Heavy Work Exerting up to 100 pounds (45.4 kg) of force occasionally, and/or up to 50 pounds (22.7 kg) of force frequently, and/or in excess of 20 pounds (9.1 kg) of force constantly to move objects.

Very Heavy Work Exerting in excess of 100 pounds (45.4 kg) of force occasionally, and/or in excess of 50 pounds (22.7 kg) of force frequently, and/or in excess of 20 pounds (9.1 kg) of force constantly to move objects.

Sprains and Strains, Knee


Related Terms

  • ACL Tear
  • LCL Tear
  • MCL Tear
  • PCL Tear
  • Sprained Knee

Differential Diagnosis

Specialists

  • Orthopedic (Orthopaedic) Surgeon
  • Physiatrist (Physical Medicine and Rehabilitation Specialist)
  • Physical Therapist
  • Sports Medicine Physician

Comorbid Conditions

Factors Influencing Duration

Duration will depend on the extent of the injury, type of therapy used, effectiveness of treatment, presence of concomitant injuries, complications, age, co-morbidities (injuries to other parts of the limb, injuries to the other lower limb, systemic disease), and job requirements.

Medical Codes

ICD-9-CM:
844 - Sprains and Strains of Knee and Leg
844.0 - Sprains and Strains of Knee and Leg, Lateral Collateral Ligament of Knee
844.1 - Sprains and Strains of Knee and Leg, Medial Collateral Ligament of Knee
844.2 - Sprains and Strains of Knee and Leg, Cruciate Ligament of Knee
844.3 - Sprains and Strains of Knee and Leg, Tibiofibular (Joint) (Ligament), Superior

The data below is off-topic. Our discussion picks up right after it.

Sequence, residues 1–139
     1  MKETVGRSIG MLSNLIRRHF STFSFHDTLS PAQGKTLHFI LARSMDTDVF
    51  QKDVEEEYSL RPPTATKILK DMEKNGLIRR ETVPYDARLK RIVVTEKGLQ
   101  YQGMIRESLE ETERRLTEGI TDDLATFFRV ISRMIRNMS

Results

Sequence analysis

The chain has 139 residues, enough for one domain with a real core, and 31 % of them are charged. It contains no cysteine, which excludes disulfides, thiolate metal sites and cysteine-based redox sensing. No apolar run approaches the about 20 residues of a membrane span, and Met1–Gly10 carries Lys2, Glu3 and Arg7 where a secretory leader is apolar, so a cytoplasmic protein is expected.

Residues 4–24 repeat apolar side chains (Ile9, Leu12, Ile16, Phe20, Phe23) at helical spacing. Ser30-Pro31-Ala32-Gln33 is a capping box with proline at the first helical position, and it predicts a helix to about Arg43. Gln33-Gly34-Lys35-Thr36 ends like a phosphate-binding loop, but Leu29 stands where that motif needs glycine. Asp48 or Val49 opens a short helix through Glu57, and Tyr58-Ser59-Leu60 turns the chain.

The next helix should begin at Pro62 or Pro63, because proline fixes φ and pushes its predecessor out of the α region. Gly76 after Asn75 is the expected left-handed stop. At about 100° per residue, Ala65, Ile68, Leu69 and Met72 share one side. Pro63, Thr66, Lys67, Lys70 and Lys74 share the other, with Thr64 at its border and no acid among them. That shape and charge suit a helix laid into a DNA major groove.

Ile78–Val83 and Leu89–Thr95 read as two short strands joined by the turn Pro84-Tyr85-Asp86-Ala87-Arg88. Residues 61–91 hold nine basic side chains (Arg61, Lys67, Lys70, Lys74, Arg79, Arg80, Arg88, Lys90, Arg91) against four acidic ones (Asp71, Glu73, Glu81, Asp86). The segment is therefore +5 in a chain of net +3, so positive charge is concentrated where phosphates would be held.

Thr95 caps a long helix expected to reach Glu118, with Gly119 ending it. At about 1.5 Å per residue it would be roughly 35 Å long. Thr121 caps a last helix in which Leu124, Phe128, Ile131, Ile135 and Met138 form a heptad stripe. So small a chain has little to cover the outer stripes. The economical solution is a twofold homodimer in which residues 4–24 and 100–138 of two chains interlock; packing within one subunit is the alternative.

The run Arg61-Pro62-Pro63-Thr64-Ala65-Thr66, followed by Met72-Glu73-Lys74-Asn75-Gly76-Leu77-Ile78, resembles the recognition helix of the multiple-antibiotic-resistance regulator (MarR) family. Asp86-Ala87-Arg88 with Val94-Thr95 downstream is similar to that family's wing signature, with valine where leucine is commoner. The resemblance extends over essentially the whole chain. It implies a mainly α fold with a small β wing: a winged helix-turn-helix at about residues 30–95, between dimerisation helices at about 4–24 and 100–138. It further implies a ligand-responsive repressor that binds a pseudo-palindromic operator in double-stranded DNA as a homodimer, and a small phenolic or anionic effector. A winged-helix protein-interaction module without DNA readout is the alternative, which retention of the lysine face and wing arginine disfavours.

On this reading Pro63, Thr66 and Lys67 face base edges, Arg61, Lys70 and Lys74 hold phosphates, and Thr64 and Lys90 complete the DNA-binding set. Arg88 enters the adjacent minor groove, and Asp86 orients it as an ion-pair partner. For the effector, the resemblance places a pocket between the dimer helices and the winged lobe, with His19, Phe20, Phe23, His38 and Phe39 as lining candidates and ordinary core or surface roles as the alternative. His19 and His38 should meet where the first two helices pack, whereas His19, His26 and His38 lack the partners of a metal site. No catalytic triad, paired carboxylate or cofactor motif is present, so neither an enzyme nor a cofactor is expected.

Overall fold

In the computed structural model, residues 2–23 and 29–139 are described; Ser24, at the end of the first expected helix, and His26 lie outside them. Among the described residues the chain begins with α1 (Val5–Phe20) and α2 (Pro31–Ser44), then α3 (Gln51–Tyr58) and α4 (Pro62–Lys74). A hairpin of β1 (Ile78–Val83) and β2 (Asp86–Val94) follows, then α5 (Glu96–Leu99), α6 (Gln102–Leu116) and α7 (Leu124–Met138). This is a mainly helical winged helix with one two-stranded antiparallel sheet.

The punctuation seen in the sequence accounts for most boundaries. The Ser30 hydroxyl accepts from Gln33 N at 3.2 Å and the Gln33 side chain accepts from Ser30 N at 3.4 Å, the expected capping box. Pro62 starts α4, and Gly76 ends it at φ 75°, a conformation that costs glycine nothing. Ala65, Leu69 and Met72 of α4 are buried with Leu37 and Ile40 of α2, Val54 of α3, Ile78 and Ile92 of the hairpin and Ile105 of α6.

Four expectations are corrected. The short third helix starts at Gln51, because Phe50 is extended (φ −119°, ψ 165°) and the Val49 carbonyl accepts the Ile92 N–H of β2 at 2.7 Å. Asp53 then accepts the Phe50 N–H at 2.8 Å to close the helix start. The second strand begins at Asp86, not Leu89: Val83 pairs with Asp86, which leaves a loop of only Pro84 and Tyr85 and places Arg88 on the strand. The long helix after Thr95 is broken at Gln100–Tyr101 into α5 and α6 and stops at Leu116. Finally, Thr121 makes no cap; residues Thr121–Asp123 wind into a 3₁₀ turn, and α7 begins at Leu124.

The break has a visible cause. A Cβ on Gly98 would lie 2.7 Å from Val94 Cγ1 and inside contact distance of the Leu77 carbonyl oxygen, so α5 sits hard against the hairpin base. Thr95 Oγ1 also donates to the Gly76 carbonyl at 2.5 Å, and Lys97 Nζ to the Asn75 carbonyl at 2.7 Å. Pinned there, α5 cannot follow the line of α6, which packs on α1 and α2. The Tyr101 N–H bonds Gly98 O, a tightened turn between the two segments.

844.8 - Sprains and Strains of Knee and Leg, Other Specified Site
844.9 - Sprains and Strains of Knee and Leg, Unspecified Site; Knee NOS; Leg NOS

Prognosis

Isolated injuries to the collateral ligaments, even third-degree injuries, generally heal well with non-operative treatment. Third-degree collateral ligament sprains associated with other ligament or meniscus damage often require surgery, but generally will heal well. Recovery can be expected when first and second-degree sprains of ACL and PCL are treated with physical therapy and activity alteration. Second degree cruciate sprains may be “protected” with a brace for instability to be worn during heavy activity that risks reinjury. Third-degree sprains of ACL that are surgically repaired, with either primary repair or reconstruction with augmentation, require an extensive rehabilitation after surgery, but recovery can be expected. Surgery to treat third-degree injuries to PCL is rarely performed on middle-aged or older adults unless there is gross instability or associated injuries, especially of the meniscus. Individuals undergoing this surgery require an extensive rehabilitation afterwards, but recovery can be expected.

Full recovery from strains can be expected after physical therapy for first and second-degree injuries. Third-degree strains and sprains will require several months for full recovery. Return to limited activity may be expected early in treatment, with an interruption for surgery and eventual return to full activity. Knee braces are often used for all levels of sprains and strains, sometimes only in the early stages of recovery, and often for several months after surgery. Protective braces may be required after recovery to prevent re-injury.

Source: Medical Disability Advisor